From an article by William Davies in the London Review of Books:

“Lisa Adkins, Melinda Cooper, and Martijn Konings, three political economists at the University of Sydney, have come up with a new model of class based on housing and assets. They identify five different classes: investors, outright owners, indebted owners, tenants, and homeless.”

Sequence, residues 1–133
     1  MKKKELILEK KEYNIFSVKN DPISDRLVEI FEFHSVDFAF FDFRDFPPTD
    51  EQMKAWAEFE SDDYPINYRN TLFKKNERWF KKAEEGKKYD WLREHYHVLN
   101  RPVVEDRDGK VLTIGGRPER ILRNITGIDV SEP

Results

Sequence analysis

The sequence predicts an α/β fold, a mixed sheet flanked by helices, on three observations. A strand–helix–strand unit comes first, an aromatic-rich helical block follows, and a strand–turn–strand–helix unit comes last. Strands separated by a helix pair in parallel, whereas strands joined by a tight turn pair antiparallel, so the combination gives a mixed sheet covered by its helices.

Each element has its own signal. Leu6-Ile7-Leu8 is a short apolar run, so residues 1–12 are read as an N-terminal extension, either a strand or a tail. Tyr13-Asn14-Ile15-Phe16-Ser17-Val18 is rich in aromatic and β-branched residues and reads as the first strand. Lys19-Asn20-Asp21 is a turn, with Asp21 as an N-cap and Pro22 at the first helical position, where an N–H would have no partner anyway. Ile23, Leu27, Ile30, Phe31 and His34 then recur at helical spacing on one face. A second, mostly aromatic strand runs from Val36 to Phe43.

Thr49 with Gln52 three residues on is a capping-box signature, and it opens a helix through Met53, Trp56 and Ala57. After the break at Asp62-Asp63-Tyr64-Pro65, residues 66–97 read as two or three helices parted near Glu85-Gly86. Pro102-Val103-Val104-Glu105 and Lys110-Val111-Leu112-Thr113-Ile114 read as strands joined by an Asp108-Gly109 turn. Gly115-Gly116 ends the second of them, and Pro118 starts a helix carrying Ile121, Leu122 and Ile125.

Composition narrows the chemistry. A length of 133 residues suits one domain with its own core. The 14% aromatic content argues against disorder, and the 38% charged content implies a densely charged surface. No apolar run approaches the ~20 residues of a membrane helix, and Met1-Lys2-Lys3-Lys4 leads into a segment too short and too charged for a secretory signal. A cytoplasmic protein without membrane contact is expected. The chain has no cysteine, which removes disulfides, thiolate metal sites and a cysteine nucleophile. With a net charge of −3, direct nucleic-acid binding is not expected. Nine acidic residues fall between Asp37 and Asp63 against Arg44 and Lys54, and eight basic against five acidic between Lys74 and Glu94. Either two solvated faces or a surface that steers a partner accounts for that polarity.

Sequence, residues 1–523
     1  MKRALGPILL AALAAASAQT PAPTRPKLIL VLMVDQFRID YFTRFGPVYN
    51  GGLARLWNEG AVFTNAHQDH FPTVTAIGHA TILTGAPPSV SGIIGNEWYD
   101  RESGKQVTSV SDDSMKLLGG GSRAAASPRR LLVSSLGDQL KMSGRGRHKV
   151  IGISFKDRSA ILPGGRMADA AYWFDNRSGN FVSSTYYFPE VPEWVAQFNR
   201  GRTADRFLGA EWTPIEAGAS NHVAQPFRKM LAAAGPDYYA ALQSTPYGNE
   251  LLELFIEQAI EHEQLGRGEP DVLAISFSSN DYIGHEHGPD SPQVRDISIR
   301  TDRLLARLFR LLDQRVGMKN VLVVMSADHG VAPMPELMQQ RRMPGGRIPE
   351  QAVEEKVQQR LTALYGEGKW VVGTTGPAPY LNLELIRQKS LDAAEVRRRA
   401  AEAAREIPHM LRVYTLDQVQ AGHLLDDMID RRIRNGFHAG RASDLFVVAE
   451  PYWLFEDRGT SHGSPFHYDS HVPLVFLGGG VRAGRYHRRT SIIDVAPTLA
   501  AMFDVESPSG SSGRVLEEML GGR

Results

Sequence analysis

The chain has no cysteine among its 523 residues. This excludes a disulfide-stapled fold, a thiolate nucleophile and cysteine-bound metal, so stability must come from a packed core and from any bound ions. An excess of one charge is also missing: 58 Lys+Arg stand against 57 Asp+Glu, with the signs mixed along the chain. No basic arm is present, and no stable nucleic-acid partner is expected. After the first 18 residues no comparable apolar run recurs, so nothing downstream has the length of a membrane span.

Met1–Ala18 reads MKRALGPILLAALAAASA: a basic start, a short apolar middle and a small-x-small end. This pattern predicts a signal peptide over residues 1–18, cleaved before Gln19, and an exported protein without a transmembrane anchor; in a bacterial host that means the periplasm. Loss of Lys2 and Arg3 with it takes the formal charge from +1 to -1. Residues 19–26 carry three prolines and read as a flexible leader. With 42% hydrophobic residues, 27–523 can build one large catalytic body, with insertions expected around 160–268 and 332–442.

Much that I have read over the course of the past several years on the subject of wealth inequality and property ownership indicates that a social restructuring has occurred and continues to occur in places like the UK, USA, Canada, and Australia. The simplistic and possibly misleading way of putting this would be to say that the middle class has been hollowed out. Of course the problem with this, as catchy as it may be, is that one gets immediately bogged down in difficulties of definition: what exactly is the middle class? How are we to define their wealth, their social mobility? At what point in time did this start happening? etc. What seems fairly clear, however, in spite of these important questions, is that a more or less generational divide has developed with respect to people and property. For more and more people under the age of 40, owning property is out of reach. Hence the above reclassification. The book under review—Generation Left by Keir Milburn—draws attention to the way that this kind of development has, in the aftermath of the 2008 global financial crisis, manifested itself in contemporary politics. Given the fact that, as Adam Swift points out in another recent LRB article on social mobility, those who possess great wealth and privilege have been very successful at protecting their interests, bestowing their advantages to subsequent generations within societies whose political aims ostensibly include greater fairness of opportunity for everyone, such a reclassification certainly helps us see the present situation more clearly.

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